At the time of their deaths, I was one of those callow white Southerners who wondered what the fuss was all about. Most agents of the FBI and its director, J. Edgar Hoover, were also openly indifferent to the plight of civil rights workers in the South. One wonders if he, too, did not feel they got what they were "asking for." The movie, "Mississippi Burning," purports to credit FBI agents for diligent investigation and prosecution of early civil rights offenses, but it is a lie. Like me, at the time, the FBI didn't give a damn.
A lot of Southern politicians have rankled under the South-focused enforcements of the 1964 Civil Rights Act and the 1965 Voting Rights Act and have railed against them over the years. Even recently, the Mississippi senators, Thad Cochran and former Majority Leader Trent Lott, refused to support the anti-lynching resolution that passed the U.S. Senate. (Hang 'em high still.) However, those relatively modest legal changes were really good for the South and all of us inhabitants. We white folks in the South owe a lot of our current freedoms to the memories of James Chaney, Michael Schwerner and Andrew Goodman, and many others who died for our civil liberties.
During the 2004 presidential campaign, I was reminded of something that I had forgotten: the underlying reason for my strong dislike of Ronald Reagan, which I have felt all these years since he started his first campaign for president in the summer of 1980. I have found myself in a persistent lonely position. My first pleasant memories of Ronald Reagan were from his hosting of the "GE Theater" and "Death Valley Days" on TV. I could easily have become a Reagan supporter like so many others drawn to his cheery, avuncular personality. After the dour, unfortunate presidency of Jimmy Carter, many voters were ready to kick him out of the White House and install the ever-optimistic Reagan. The fact that he is now dead further protects his popular legacy.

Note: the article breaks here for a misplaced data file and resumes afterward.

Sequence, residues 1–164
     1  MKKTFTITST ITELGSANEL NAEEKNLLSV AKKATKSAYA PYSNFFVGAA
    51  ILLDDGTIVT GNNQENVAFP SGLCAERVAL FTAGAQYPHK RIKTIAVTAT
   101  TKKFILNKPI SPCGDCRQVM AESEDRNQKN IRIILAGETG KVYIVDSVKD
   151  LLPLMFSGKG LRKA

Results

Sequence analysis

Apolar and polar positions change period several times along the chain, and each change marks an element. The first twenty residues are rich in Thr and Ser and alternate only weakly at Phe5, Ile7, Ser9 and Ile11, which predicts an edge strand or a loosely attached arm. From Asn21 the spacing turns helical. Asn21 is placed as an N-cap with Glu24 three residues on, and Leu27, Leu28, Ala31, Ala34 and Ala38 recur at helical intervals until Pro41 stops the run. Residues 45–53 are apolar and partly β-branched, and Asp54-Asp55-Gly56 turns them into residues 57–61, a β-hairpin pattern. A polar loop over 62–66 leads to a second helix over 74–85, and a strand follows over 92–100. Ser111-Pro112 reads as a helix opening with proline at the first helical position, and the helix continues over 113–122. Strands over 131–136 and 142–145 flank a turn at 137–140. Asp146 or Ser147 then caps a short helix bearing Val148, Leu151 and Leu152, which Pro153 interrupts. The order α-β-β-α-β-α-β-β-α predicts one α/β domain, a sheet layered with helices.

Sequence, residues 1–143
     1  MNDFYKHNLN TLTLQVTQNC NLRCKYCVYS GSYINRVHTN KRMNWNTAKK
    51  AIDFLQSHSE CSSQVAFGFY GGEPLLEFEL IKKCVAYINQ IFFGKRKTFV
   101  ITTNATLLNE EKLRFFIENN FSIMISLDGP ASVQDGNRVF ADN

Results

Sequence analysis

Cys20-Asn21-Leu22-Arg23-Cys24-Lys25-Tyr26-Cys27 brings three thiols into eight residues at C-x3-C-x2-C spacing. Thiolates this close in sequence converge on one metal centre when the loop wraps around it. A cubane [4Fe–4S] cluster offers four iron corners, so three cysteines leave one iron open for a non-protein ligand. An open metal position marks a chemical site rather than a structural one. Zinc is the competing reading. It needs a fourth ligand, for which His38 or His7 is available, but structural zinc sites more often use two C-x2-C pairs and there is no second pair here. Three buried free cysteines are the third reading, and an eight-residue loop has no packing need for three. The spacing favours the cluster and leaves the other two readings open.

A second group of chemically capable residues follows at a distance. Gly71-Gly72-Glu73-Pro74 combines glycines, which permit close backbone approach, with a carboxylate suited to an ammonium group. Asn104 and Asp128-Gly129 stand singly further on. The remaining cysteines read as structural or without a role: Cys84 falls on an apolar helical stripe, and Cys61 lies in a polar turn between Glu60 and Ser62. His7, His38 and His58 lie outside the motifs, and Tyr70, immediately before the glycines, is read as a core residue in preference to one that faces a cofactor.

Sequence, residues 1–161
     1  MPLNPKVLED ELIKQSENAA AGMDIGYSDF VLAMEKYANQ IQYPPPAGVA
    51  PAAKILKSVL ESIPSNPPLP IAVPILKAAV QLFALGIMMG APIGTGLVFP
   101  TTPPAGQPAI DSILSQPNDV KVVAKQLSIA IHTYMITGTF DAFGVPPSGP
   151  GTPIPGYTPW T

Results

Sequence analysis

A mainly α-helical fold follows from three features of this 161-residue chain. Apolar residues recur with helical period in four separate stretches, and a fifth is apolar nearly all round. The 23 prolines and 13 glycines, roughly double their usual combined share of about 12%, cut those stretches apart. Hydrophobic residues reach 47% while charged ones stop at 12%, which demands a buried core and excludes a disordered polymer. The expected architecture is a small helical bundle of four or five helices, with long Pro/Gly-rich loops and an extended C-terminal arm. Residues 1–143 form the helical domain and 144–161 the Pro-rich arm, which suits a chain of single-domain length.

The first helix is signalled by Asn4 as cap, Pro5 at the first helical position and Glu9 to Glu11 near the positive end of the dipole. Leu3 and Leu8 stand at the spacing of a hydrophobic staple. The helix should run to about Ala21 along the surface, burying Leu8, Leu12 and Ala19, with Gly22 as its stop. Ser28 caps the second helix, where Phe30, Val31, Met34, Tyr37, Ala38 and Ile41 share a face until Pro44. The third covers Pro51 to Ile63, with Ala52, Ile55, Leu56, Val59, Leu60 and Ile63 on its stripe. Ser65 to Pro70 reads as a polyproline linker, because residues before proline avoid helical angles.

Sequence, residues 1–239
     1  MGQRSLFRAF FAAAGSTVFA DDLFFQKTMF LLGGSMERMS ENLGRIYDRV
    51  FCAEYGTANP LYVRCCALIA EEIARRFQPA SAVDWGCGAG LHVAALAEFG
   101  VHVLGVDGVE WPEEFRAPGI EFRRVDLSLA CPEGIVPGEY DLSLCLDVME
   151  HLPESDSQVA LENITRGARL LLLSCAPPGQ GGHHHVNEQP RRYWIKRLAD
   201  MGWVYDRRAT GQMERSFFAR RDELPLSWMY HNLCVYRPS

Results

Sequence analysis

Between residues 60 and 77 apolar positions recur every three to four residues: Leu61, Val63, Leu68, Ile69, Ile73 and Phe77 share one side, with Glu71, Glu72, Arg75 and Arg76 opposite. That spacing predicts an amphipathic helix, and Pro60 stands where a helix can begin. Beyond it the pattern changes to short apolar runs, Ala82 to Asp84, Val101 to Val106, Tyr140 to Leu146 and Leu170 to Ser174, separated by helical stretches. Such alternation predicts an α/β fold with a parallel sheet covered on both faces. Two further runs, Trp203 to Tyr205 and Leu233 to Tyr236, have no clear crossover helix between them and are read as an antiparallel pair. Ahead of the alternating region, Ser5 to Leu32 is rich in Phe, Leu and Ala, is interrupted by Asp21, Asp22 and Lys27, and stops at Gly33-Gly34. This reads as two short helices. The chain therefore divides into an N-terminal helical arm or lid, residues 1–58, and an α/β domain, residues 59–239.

Some Republicans have been very adept at exploiting the underlying residual fears and resentments of many white Southerners regarding the true emancipation of blacks. The repugnant inaction of Sens. Cochran and Lott are but one example. Democrats have piously resisted, for the most part, such exploitation, but many blacks feel "tokenized" within the Democratic Party to this day. Ronald Reagan was one of those politicians who did not worry themselves about residual memories and images. He soundly defeated Southerner Jimmy Carter in the South in 1980.
The thing that sealed my hostility toward Reagan was his early trip to Philadelphia, Miss., in the summer of 1980 to basically raise hell about the popular legal fiction of "states' rights," a red-meat issue for white Southerners. Reagan (and his handlers) had to know what the specific history of Philadelphia was, and I believe that is specifically why they went there, to assure white voters with a wink and a nod (Reagan's famous signals) that they "understood." What business would a former California governor otherwise have in a backwater like Philadelphia, Miss., except to say, "I'm one of you"?
I was reminded of all this 24 years later. I remembered that a U.S. presidential candidate was openly sly and indifferent to the murderous horror of what he was seemingly endorsing. Mean, unambiguous messages were being sent, but the animosity toward Jimmy Carter was so intense, no one I knew cared. But I never forgot how I felt about Reagan, to the point of nausea.
Edgar Ray Killen will enter the penitentiary, probably never to come out. We should remember that Ronald Reagan proved in the summer of 1980 that "politics ain't bean-bag," as his nemesis Tip O'Neill supposedly said. Ronald Reagan proved that winning is everything, and that being president means never having to say you're sorry. S
H. Watkins Ellerson is a lawyer in Hadensville.
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